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2. Thou mayst.

3. He may.

SHALL.

Present Tense.
Sing. 1. I shall.* 2. Thou shalt. 3. He shall.
Plur. l. We shall. 2. Ye or you shall. 3. They shall.

Imperfect Tense.
Sing. 1. I should. 2. Thou shouldst. 3. He should.
Plur. 1. We should. 2. Yeor you should.3. They should.

WILL.

Present Tense. Sing. 1. I will.

2. Thou wilt. 9. He will. Plur. 1. We will. 2. Ye or you will. 3. They will.

Imperfect Tense.
Sing. 1. I would. 2. Thou wouldst. 3. He would.
Plur. 1. We would. 2. Ye or you would.3. They would.

MAY.

Present Tense.
Sing. 1. I may.
Plur. 1. We may. 2. Ye or you may. 3. They may.

Imperfect Tense.
Sing. 1. I might. 2. Thou mightst. 3. He might.
Plur. 1. We might.2. Ye or you might.3. They might.

CAN.

Present Tense. Sing, 1. I can.

2. Thou canst.
Plur. 1. We can. 2. Ye or you can. 8. They can.

Imperfect Tense.
Sing. 1. I could. 2. Thou couldst. 3. He could.
Plur. 1. We coul 2. Ye or you could.3. They could.

TO DO.

Present Tense. Sing. 1. I do. 2. Thou dost. 3. He doth or does. Plur. 1. We do. 2. Ye

or you do.

3. They do.

Imperfect Tense.
Sing. 1. I did. 2. Thou didst. 3. He did.
Plur. 1. We did. 2. Ye or you did. 3. They did.

* Shall is here properly used in the present tense, having the same analogy to should that can has to could, may to might, and will to would.

3. He can.

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Participles.
Present. Doing

Perfect. Done.
The verbs have, he, will, and do, when they are uncon
nected with a principal verb, expressed or understood, are
not auxiliaries, but principal verbs : as, “ We have si accou
enough ;" “ I am grateful” “ He wills it to be so;" datas not
* They do as they please.” In this view, they also have wings
their auxiliaries : as, “ I shall have enough;” “ I will be
grateful,” &c.

The peculiar force of the several auxiliaries will appear Wall from the following account of them.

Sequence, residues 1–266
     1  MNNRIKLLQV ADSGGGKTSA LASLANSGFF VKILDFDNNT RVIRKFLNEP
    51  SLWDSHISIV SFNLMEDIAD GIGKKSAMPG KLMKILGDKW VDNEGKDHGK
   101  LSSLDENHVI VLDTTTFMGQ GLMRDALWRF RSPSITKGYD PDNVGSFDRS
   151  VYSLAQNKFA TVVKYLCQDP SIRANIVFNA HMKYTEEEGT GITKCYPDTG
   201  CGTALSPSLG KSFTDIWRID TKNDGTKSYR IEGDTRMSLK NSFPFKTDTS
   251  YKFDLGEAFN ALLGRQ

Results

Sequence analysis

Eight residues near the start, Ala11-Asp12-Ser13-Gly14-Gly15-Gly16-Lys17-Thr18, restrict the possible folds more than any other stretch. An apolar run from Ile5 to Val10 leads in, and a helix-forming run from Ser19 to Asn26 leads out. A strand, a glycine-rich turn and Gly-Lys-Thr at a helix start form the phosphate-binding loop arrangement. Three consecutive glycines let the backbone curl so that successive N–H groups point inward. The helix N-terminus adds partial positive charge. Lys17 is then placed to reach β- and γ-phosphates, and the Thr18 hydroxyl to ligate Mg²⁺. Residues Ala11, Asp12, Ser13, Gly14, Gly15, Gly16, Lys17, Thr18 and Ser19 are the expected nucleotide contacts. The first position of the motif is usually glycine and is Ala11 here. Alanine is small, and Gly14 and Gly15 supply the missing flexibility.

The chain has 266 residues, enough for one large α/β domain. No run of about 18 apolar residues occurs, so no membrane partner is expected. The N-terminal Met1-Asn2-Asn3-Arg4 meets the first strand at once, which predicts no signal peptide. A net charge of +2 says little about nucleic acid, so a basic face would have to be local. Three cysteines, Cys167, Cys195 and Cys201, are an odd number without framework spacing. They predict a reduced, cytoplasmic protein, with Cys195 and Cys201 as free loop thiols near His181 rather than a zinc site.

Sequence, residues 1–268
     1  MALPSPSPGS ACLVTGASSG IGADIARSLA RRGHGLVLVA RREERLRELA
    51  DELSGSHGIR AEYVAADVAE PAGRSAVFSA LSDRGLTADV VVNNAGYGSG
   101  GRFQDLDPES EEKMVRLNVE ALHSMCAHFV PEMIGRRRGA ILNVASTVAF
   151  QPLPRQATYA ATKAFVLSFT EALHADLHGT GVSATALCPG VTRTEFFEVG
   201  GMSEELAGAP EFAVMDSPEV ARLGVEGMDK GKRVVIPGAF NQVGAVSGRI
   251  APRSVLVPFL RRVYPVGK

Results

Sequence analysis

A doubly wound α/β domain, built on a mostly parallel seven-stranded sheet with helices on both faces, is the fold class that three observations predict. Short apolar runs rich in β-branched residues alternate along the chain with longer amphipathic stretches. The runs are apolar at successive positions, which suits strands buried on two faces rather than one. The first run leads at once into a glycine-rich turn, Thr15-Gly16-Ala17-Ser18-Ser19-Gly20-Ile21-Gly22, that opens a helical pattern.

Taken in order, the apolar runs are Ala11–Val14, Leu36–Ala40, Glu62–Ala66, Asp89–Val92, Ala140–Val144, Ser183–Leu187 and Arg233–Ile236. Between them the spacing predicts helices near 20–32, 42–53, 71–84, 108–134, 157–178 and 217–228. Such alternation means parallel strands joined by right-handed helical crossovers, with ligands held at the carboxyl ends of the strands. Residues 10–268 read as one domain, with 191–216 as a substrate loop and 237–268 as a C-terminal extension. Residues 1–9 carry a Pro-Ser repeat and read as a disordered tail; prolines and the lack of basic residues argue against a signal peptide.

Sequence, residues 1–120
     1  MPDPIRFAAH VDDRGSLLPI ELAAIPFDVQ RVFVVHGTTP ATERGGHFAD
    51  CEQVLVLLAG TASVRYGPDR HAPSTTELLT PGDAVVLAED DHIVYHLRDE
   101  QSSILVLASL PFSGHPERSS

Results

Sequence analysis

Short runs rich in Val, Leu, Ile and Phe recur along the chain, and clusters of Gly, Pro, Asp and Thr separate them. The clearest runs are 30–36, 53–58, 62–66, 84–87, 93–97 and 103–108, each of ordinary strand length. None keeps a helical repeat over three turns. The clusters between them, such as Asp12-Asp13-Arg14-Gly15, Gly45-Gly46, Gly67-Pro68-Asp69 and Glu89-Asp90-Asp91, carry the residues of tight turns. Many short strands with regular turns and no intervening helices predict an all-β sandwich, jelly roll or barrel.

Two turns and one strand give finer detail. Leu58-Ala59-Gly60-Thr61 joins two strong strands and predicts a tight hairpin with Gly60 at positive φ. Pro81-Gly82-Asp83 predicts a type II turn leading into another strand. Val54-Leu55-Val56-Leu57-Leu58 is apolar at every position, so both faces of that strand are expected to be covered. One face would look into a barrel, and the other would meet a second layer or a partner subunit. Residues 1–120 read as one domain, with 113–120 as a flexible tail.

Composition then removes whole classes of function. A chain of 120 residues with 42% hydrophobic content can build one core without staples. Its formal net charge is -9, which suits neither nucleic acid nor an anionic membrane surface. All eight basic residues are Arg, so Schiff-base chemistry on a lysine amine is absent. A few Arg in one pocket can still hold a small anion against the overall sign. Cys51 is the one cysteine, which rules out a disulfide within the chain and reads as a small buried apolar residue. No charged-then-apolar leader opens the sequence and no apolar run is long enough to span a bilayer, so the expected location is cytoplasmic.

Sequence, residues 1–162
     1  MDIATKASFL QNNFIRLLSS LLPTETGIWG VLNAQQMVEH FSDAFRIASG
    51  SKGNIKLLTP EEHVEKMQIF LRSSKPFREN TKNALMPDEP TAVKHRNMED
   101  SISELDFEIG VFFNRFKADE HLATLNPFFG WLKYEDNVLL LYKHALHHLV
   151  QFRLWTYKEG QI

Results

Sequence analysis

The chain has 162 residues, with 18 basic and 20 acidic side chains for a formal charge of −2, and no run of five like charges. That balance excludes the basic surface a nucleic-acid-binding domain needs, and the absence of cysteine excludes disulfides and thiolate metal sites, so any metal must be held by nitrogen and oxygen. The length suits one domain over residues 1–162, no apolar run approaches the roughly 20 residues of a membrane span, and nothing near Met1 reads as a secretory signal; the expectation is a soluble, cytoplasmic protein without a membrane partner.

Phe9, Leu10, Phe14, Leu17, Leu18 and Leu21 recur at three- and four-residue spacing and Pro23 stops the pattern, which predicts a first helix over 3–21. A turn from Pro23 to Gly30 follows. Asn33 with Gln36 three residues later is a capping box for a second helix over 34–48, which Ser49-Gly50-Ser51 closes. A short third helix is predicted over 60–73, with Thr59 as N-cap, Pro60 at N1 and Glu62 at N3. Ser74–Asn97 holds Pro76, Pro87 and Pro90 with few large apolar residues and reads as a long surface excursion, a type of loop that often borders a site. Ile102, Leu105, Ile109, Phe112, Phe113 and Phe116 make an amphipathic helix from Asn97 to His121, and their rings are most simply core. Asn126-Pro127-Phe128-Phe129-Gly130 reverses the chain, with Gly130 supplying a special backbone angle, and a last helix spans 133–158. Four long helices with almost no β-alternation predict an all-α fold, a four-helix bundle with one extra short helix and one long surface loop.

Do and did mark the action itself, or the time of it, with greater energy and positiveness : as, “ I do speak truth ;" * I did respect him ;" “ Here am I, for thou didst call me.” They are of great use in negative sentences : as, “I do not fear;" “ I did not write." They are almost universally employed in asking questions : as,

Does he learn ?" “ Did he not write?" They sometimes also supply the place of another verb, and make the repetition of it, in the same or a subsequent sentence, unnecessary : as, “You attend not to your studies as he does.;" (i. e. as he attends, &c.) “ I shall come if I can; but if I do not, please to excuse me;" (i. e. if I come not.)

Let not only expresses permission, but entreating, exhorting, commanding : as, “ Let us know the truth ;" " Let'me die the death of the righteous ;" " Let not thy heart be too much elated with success;"? “ Let thy incli, viation submit to thy duty."

Day and might express the possibility or liberty of doing a thing, can and could, the power : as, " It may rain ; "I may write or read ;" * He might have improved thore than he has;" " He can write much better than he could last year."

Must is sometimes called in for a helper, and denotes necessity : as, “ We must speak the truth, whenever we do speak, and we must not prevaricate.”

Will, in the first person singular and plural, intimates resolution and promising ; in the second and third person, only foretels : as, “ I will reward the good, and will punish the wicked;"? " We will remember benefits, and be grate ful;" “ Thou wilt, or he will, repent of that folly ;' * You, or they, will have a pleasant walk."

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Shall, on the contrary, in the first person, simply foretels ; in the second and third persons, promises, commands, or threatens : as, “ I shall go abroad;" “ We shall dine at home ;" “ Thou shalt, or you shall, inherit the land ;” Ye shall do justice, and love mercy;" “ They shall account for their misconduct.” The following passage is not translated according to the distinct and proper meanings of the words shall and will-: “ Surely goodness and mercy shall follow me all the days of my life ; and I will dwell in the house of the Lord for ever;" it ought to be, “ Will follow me,” and “ I shall dwell.”

These observations respecting the import of the verbs will and shall, must be understood of explicative sentences ; for when the sentence is interrogative, just the reverse, for the most part, takes place: thus, “ I shall go ; you will go ;” express event only : but, “ will you go?" imports. intention, and, “ shall I go?” refers to the will of another. But, “ He shall go," and "shall he go !” both imply will ; expressing or referring to a command.

When the verb is put in the subjunctive mood, the meaning of these auxiliaries likewise undergoes some al*teration ; as the learners will readily perceive by a few examples : “ If he shall proceed ;" ' If he will not de.. sist ; " " Unless he shall acknowledge;" “ If you shall consent ;" “ If you will persist.”